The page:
Clear to Fly
Fruit flies share around 60% of their genes with humans, so it’s not surprising that some aspects of our development are similar, too. Peaking inside a fly’s brain can reveal clues about own early nervous system, but there are challenges. This fly’s huge compound eyes normally contain coloured pigments which interfere with laser light used by powerful microscopes. But a new technique called ‘FlyClear’ sluices away the pigmentation, clearing the blocking chemicals but leaving the fly’s brain intact and transparent. Using gentle ultramicroscopy, tiny networks of neurons stretching behind the eyes to the brain are picked out, artificially coloured here in green. Applying these techniques to flies of different ages might reveal clues about how neurodegenerative diseases disrupt these networks – a vital step towards treatments.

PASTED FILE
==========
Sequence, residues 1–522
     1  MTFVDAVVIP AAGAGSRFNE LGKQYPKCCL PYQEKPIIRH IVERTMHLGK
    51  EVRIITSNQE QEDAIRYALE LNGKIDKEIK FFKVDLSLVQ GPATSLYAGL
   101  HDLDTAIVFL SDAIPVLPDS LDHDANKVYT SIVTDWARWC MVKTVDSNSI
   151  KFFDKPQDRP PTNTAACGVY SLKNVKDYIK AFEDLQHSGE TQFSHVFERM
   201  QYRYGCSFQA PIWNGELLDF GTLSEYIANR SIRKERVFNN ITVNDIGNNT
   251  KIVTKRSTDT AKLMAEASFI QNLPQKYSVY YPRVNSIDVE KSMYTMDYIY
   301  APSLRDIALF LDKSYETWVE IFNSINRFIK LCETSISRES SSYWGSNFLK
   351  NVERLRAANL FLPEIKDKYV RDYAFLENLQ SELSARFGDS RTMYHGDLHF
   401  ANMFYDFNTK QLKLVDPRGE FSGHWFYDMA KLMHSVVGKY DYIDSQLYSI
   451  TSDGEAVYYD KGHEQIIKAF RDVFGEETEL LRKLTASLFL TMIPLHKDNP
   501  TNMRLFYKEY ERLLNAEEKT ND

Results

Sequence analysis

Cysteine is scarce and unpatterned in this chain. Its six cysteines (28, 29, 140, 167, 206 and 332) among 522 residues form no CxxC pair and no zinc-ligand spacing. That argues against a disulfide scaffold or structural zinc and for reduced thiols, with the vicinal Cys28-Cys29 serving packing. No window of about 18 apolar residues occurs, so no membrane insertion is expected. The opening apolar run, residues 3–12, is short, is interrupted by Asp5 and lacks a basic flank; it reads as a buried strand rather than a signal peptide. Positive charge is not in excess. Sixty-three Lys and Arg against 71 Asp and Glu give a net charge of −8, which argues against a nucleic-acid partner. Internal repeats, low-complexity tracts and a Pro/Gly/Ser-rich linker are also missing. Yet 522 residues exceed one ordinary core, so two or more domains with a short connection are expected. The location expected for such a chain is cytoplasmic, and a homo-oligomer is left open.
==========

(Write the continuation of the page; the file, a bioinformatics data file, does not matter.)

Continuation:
Written by John Ankers
- Image from work by Marko Pende and Klaus Becker, and colleagues
- Department for Bioelectronics, FKE, Vienna University of Technology, Vienna, Austria
- Originally published under a Creative Commons Licence (BY 4.0)
- Published in Nature Communications, November 2018